vestigated. A hundred years ago it was objected that the legitimate methods of science can not be applied to the study of living things. Science had been created by investigations in the inorganic sphere, and true science was held to be limited to that sphere. When the inquirer left his gases, ores, and metals, to cross the boundary and begin a search into the nature of things that live, he was told that life is a mysterious realm where vitality suspends inorganic laws, and holds sway above nature and in opposition to it. Yet the province was long since conquered, and annexed to the domain of "natural science." The question in any case is simply this: Are we dealing with phenomena that may be observed, compared, analyzed, generalized, and reduced to a body of principles?
Mr. Harris discredits the method of natural science in its application to society, as follows: "From the fact that all merely natural beings—whether mineral, plant, or animal—never rise to the form of self-knowing and self-realizing, it follows that the application of scientific method to the explanation of human institutions in the ordinary form is not valid. In nature we explain the present by the past. If we attempt to explain the institutions of the family, society, and the state, by the rudimentary forms found in the childhood of the race, or, still worse, by the habits of the higher animals as the ape tribe, for example—we shall invert the true method for social science. Since all of man's institutions arise as forms of combination, which he has made in order to realize an ideal, it follows that the first ones, historically, are so rudimentary as scarcely to indicate their object, while the later and latest ones contain the explanation of themselves and of their predecessors."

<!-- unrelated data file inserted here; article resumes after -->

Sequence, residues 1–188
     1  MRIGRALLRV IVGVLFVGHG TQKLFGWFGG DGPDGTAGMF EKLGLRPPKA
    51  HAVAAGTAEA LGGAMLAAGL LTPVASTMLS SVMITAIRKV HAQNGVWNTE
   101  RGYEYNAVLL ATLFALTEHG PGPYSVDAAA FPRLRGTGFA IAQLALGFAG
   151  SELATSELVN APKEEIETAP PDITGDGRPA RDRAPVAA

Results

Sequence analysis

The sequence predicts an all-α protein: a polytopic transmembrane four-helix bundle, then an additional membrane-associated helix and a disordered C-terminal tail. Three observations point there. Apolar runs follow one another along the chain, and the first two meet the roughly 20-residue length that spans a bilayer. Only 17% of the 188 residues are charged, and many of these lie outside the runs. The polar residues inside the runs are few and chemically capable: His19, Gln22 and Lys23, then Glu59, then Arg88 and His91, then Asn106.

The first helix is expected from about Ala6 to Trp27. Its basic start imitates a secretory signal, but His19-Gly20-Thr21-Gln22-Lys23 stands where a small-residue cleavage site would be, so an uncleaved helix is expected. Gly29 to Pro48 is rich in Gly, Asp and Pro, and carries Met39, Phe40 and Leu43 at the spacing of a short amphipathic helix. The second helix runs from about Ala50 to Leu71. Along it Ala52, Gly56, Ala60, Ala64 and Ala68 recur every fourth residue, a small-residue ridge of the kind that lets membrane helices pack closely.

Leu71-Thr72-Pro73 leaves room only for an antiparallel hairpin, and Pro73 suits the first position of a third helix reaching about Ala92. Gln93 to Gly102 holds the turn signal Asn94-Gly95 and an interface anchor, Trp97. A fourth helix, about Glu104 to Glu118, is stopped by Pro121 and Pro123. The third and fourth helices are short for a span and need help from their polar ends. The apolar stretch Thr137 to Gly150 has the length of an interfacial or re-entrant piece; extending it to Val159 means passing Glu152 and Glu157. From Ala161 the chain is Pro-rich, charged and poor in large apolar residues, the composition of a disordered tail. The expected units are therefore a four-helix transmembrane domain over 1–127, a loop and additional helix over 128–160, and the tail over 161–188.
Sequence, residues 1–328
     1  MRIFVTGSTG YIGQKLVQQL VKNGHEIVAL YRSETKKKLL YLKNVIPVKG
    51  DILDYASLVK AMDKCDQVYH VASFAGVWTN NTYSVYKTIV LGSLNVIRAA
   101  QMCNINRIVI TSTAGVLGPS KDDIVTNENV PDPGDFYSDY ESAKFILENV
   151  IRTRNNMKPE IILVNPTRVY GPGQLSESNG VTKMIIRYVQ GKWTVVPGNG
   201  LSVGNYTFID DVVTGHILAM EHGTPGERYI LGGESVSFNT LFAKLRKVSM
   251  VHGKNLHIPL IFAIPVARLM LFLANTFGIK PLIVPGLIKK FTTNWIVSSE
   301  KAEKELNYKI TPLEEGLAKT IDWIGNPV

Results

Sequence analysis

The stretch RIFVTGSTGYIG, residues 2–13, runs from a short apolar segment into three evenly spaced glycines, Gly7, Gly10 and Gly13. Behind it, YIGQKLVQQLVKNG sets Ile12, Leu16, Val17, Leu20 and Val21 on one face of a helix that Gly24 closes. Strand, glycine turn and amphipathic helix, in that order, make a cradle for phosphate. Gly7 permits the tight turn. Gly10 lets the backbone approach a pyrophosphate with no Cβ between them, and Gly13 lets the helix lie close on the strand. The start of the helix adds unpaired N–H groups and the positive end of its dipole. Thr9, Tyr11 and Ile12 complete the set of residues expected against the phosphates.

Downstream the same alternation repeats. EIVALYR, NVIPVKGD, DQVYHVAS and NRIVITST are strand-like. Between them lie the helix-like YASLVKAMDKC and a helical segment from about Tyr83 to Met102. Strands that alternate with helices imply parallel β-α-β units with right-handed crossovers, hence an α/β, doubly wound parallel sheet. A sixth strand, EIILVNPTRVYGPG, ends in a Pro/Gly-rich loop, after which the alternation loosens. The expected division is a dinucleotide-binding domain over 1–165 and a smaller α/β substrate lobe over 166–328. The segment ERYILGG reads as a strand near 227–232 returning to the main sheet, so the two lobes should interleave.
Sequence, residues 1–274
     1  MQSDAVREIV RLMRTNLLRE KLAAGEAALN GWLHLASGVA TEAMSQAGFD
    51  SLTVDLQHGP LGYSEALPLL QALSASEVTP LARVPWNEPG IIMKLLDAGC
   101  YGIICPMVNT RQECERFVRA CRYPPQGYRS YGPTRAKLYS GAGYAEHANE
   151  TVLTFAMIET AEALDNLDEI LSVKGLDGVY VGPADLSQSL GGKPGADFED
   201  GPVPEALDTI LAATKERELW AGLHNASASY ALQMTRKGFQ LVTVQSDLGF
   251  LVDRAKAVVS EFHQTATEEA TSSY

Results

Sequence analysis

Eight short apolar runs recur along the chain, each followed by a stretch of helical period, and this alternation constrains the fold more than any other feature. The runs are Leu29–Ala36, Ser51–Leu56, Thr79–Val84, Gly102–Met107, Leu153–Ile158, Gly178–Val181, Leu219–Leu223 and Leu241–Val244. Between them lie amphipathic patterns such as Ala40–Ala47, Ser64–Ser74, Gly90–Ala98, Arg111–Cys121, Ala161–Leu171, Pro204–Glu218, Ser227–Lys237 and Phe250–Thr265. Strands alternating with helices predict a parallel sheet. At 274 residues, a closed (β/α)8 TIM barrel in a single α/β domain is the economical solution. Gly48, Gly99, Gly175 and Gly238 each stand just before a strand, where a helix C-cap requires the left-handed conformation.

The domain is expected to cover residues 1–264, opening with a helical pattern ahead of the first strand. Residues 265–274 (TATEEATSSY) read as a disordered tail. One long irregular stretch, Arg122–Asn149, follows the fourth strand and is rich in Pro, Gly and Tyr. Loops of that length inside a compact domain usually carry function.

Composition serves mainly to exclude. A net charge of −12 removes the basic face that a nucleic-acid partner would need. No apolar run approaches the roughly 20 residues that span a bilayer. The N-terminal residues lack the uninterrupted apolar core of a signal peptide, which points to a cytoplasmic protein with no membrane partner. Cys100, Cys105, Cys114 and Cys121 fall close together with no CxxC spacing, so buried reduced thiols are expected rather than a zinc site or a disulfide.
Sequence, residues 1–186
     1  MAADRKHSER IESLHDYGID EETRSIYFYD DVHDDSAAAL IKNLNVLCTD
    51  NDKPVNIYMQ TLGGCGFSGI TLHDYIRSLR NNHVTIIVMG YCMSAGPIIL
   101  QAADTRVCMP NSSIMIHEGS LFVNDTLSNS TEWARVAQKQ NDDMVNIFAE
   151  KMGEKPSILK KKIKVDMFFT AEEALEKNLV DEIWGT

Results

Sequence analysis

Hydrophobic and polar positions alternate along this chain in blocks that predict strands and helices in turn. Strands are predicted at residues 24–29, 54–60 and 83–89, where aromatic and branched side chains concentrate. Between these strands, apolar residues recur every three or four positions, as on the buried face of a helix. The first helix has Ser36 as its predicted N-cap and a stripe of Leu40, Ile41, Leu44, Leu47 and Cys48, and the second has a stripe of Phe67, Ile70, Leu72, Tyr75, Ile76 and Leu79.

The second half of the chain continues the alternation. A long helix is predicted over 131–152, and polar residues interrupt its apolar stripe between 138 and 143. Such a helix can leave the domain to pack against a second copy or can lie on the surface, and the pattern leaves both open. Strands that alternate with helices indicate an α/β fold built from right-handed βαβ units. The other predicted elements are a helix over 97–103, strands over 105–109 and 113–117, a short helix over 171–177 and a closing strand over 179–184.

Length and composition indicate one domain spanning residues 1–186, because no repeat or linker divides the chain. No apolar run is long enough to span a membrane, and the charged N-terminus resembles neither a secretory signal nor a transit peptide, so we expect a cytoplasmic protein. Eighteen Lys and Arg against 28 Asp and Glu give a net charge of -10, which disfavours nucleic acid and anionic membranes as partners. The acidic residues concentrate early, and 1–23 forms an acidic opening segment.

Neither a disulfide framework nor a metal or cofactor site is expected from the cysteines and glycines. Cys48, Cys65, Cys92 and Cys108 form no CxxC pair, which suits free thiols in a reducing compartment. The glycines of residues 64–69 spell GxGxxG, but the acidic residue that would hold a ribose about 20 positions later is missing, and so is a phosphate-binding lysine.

We gather from this that Mr. Harris's "Method of Study in Social Science" is to ignore the historical aspect of the subject, and begin with the study of the most complex institutions. Then why not adopt the same method in the study of other subjects? Fancy him addressing a mathematical teacher as follows: "Since the advanced rules of arithmetic arise as forms of combination, which the mathematician has made in order to realize an ideal, it follows that the first rules are so rudimentary as scarcely to indicate their object, while the later and latest contain the explanation of themselves and of their predecessors; therefore, begin your class and keep it occupied with problems in the last portions of the text-book." On the contrary, it is the law of method in all study to proceed from the simple to the complex, from the lower to the higher, and to explain the more developed by the less developed. Mr. Harris's "method" would put an end to all embryological study; for, if society is not to be studied historically because its first forms "are so rudimentary as scarcely to indicate their object," is not that equally true of all rudimentary forms? His method is false everywhere. Adult institutions, like adult animals, can only be explained by beginning with their germs and tracing the course of organization.
But Mr. Harris does not leave us to infer the character of his new social science; he gives the formula of its method in explicit terms, as follows: "For the study of society, then, one must seek his principle of explanation not in the child or the savage, but in the ideals of the prophets of humanity. We are to understand Greek life through a study of Homer and Plato; the middle ages through Dante and Thomas Aquinas; modern times through Shakespeare and Goethe."
So we are to omit the child and the savage in the study of society; and Mr. Harris adds, "Above all, we must not make the mistake of studying man as a simple individual." But what will then be left to study? We have always